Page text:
Additional benefits of PrEP
PrEP can provide benefits that go beyond its direct effect on HIV risk, as it offers an opportunity to engage high-risk individuals in services that they otherwise may not access. This includes services that are part of the standard PrEP package, such as regular HIV and STI testing, medical checkups, and risk-reduction services. These services can facilitate earlier identification of health conditions (eg, HIV and STIs) or vulnerabilities (eg, hepatitis B virus susceptibility) and provide an opportunity to (re)engage individuals in care, treatment, and prevention services. This may help improve health and prevent the secondary transmission of STIs and HIV. Interestingly, PrEP may also have a direct effect on STI incidence, as some research suggests that daily TDF/FTC reduces herpes simplex virus 2 and hepatitis B virus acquisition,98,99 as well as the occurrence of ulcers among those already infected with herpes simplex virus.100
PrEP also offers the opportunity to link high-risk individuals to other services to promote health and address an individual’s underlying risk of HIV infection. Insight from postexposure prophylaxis (PEP) programs shows that MSM accessing this biomedical intervention tend to have a high prevalence of coexisting health problems, such as depression and substance use, which are “syndemic” and can reinforce HIV risk.101 Unfortunately, PEP access is rarely used to leverage additional services and, as a result, HIV risk often remains high after PEP is completed.102 Combining PEP and PrEP with routine screening for these health issues, and linkage to relevant services, will thus be important. Research also suggests that PrEP can have a positive and direct impact on mental health by decreasing some of the anxiety, guilt, and fear associated with “risky sex” and becoming infected with HIV.103
The future state of PrEP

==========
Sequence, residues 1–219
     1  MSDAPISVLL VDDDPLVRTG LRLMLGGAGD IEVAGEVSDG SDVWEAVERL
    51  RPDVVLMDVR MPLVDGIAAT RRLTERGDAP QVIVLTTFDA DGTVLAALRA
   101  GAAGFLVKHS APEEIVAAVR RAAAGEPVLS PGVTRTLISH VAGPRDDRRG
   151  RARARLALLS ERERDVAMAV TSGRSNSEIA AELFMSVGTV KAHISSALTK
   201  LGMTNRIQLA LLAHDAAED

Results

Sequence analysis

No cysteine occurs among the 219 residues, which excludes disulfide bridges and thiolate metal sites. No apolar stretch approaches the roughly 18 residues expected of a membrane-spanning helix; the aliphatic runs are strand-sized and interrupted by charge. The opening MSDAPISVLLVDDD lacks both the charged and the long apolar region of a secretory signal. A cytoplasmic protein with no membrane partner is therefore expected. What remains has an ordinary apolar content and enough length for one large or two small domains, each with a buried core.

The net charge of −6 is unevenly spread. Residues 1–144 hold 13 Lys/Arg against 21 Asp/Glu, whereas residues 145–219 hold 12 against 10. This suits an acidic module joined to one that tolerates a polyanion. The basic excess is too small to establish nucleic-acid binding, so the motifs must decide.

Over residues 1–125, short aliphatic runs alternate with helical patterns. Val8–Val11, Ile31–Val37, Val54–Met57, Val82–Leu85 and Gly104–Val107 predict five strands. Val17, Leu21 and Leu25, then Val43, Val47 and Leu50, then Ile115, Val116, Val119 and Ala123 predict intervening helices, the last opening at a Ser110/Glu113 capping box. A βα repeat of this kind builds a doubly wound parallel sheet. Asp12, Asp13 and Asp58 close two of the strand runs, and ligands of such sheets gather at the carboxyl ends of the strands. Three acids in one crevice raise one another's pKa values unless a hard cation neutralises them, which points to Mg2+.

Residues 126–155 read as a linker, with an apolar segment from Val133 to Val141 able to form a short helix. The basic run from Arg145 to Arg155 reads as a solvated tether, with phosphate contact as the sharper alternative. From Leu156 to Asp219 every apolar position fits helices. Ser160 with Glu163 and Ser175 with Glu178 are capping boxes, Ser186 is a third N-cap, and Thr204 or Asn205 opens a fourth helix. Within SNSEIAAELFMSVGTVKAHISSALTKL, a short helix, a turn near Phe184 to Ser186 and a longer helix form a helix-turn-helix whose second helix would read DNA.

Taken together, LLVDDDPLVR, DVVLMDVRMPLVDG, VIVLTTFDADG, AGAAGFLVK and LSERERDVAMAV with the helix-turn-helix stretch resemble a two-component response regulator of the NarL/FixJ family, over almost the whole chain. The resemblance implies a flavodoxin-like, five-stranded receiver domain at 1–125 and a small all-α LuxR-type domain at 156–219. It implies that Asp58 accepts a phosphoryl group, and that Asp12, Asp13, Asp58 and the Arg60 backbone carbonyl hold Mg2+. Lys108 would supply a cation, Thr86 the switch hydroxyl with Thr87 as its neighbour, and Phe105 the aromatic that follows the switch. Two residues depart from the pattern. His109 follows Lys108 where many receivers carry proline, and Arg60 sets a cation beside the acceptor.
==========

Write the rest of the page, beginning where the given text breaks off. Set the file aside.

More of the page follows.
While PrEP is currently synonymous with the use of daily TDF/FTC pills, this may not always be the case. Intermittent use of TDF/FTC has been found to be effective in the placebo-controlled IPERGAY trial.11 Further PrEP strategies under investigation include TDF-based vaginal and rectal gels, long-lasting rilpivirine injections, and slow-release dapivirine intravaginal rings. Many of these strategies have the potential to reduce costs, side effects, and barriers to adherence.
PrEP is an exciting new addition to the armamentarium of biomedical and behavioral approaches to HIV prevention. However, important knowledge gaps remain and there has been limited open-label experience with PrEP. Data are beginning to emerge from demonstration projects and OLEs, and this information will be critical to guiding PrEP scale-up in different populations and geographic settings. As usage becomes more routine, close surveillance will be required to capture rare events and unintended consequences. Finally, as the toolkit of prevention strategies expands, there will be an increasing need for program science approaches evaluating PrEP as part of a broader suite of complex HIV prevention interventions.
DHST has received honoraria from Abbvie, Bristol Myers Squibb, Gilead, Janssen, Merck, and Viiv, and holds research grants from Gilead and Viiv. The other authors report no conflicts of interest in this work.